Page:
Whitten had a “horrific experience” enduring verbal and physical abuse as a student leader who participated in a protest march at Southern University in Baton Rouge, La., where he studied art for a short period of time. The artist describes his mixed-media work “Birmingham 1964” as a wound.

“It was probably connected to my father’s death—to violence I had already seen. If you pierce through something, it bursts open,” Witten writes. “Every time I’ve experienced physical violence, I’ve had a visual response.”

Jarrell, who is both an artist and fashion designer, recounts the founding of the Chicago artist collective AfriCOBRA (Coalition of Black Revolutionary Artists), after “speeches, marches, rallies and demonstrations filled the airwaves, newscasts, and Black artists’ consciousness nationwide.”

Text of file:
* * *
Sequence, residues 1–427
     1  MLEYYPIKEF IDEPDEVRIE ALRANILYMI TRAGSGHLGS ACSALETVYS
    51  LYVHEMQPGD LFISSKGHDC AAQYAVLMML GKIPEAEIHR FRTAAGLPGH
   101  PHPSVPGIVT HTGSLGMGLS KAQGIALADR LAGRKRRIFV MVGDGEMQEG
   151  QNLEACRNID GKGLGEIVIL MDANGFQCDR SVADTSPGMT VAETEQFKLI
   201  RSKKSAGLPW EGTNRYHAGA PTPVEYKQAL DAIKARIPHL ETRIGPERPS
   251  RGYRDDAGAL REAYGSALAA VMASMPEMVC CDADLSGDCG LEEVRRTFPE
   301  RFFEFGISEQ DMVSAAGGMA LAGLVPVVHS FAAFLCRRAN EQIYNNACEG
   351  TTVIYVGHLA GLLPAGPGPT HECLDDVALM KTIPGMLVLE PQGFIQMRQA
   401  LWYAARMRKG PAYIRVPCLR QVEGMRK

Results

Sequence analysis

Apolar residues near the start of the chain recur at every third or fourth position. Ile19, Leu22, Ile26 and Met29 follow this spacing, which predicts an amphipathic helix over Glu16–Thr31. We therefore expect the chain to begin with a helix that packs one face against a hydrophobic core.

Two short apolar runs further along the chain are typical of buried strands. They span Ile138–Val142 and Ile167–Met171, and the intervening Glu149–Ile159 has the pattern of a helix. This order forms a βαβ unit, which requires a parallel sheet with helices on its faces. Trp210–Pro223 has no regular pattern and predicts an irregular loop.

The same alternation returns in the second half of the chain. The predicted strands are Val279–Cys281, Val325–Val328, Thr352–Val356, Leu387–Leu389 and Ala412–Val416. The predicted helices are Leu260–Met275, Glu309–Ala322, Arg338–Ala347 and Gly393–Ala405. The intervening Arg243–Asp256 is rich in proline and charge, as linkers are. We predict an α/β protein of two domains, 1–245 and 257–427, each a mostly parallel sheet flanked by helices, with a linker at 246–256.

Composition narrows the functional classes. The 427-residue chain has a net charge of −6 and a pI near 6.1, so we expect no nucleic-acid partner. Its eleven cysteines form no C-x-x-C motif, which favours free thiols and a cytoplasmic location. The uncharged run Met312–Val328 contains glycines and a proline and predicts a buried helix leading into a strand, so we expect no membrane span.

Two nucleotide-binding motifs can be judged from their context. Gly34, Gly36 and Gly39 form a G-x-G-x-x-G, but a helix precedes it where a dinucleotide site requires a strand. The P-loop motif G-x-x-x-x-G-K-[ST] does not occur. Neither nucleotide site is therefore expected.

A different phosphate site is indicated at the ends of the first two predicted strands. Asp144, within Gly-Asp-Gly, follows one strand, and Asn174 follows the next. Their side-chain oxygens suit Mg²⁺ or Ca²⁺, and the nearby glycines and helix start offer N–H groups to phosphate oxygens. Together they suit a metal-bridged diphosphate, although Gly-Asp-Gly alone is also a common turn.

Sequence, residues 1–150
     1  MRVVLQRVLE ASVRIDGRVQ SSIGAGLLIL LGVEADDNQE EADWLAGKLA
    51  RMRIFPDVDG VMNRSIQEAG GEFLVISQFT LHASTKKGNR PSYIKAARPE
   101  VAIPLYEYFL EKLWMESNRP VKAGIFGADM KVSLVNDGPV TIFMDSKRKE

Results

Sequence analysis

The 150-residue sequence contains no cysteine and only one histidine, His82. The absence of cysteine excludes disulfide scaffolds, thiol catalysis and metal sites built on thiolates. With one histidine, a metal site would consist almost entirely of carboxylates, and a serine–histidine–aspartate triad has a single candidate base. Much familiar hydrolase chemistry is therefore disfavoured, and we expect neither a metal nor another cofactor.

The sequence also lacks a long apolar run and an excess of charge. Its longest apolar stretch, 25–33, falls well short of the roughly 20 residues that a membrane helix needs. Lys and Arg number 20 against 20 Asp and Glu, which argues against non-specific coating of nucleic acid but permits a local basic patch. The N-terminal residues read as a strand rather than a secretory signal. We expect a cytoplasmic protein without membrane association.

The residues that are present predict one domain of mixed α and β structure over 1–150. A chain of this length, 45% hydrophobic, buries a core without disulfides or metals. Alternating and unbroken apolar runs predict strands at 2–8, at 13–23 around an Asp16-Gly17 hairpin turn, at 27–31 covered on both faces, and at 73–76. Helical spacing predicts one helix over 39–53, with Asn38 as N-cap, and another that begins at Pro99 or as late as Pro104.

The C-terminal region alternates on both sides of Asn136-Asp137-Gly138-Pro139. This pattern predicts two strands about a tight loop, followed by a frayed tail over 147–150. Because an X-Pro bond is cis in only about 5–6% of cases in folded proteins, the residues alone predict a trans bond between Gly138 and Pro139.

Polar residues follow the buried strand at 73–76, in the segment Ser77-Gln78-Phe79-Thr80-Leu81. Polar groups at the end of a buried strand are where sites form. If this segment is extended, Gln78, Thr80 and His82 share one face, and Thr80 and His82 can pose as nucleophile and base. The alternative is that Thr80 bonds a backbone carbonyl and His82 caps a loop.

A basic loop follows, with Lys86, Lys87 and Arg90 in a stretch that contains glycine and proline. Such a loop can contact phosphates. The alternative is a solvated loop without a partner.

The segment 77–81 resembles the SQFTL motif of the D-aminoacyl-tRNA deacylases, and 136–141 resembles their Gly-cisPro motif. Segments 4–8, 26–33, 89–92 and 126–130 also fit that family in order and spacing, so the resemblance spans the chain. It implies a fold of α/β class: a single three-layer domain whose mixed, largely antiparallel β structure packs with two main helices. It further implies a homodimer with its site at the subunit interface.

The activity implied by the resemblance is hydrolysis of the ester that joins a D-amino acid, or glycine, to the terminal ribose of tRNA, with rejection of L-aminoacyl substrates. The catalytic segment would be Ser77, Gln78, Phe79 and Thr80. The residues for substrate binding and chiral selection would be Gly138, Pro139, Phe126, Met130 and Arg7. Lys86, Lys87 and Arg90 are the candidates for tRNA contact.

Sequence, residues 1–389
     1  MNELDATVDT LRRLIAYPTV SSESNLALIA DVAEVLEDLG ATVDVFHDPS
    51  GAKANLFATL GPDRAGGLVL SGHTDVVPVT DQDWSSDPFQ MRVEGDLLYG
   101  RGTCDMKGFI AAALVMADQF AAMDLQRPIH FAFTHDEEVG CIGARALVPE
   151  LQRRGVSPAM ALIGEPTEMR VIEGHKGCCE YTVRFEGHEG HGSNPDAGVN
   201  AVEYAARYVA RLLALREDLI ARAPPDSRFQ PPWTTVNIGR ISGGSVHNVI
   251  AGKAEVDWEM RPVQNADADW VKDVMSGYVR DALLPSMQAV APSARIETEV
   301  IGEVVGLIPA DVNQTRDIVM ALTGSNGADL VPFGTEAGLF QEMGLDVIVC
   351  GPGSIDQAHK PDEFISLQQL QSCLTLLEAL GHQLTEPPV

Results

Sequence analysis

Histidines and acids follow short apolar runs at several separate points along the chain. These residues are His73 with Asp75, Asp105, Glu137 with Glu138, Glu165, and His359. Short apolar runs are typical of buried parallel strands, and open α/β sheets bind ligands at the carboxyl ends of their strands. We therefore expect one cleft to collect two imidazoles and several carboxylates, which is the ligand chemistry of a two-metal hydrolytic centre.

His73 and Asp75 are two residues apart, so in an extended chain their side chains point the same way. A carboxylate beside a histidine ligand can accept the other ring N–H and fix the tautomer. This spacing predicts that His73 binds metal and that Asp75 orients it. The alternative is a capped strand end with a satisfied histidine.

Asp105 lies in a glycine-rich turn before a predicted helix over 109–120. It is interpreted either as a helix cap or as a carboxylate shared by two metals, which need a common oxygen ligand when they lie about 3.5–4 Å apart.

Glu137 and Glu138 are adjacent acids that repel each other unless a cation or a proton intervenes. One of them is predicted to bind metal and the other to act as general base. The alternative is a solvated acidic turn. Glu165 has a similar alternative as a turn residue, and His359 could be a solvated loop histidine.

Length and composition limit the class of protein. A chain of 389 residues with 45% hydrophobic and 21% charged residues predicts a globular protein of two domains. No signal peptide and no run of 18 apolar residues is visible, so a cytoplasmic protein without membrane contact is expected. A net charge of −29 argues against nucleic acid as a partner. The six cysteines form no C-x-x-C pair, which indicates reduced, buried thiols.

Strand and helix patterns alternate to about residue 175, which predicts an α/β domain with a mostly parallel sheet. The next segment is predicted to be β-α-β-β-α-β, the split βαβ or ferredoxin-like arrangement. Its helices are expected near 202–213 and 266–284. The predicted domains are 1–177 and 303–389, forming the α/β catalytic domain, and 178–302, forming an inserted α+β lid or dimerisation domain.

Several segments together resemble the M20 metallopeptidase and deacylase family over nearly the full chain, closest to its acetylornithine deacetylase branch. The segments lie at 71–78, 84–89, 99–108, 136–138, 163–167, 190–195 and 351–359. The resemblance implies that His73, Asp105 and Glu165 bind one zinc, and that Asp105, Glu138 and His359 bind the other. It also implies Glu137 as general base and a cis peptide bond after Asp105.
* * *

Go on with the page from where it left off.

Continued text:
Among the most fascinating aspects of the catalog is the revealing chronology by Dalila Scruggs, assistant curator of American art at the museum, that concludes the volume. From 1954 to 1971, it documents the intersection of artistic enterprise and activism, American history and the international fight for civil and human rights.

“Witness” marks the 50th anniversary of the Civil Rights Act of 1964. A worthy tribute, the exhibition and book demonstrate that while the movement was propelled by the revered and unnamed who fought and often died to advance the struggle for racial justice, an impressive panoply of artists was also engaged, enraged and motivated. CT


“Witness: Art and Civil Rights in the Sixties,” by Teresa A. Carbone and Kellie Jones, etal. (The Monacelli Press, 176 pages). Published March 18, 2014.


ENDPAPERS (INSIDE FRONT AND BACK COVERS): “Rosa Parks, Dr. and Mrs. Abernathy, Dr. Ralpha Bunche, and Dr. and Mrs. Martin Luther King Jr. leading marchers into Montgomery,” 1965, printed in 1970 (Gelatin silver print) by Moneta Sleet Jr.


PAGES 10-11: At left, Detail of “It Takes Two to Integrate (Cha Cha Cha),” 1961 (painted dolls, dried fish, glass in wooden box) by Edward Kienholz.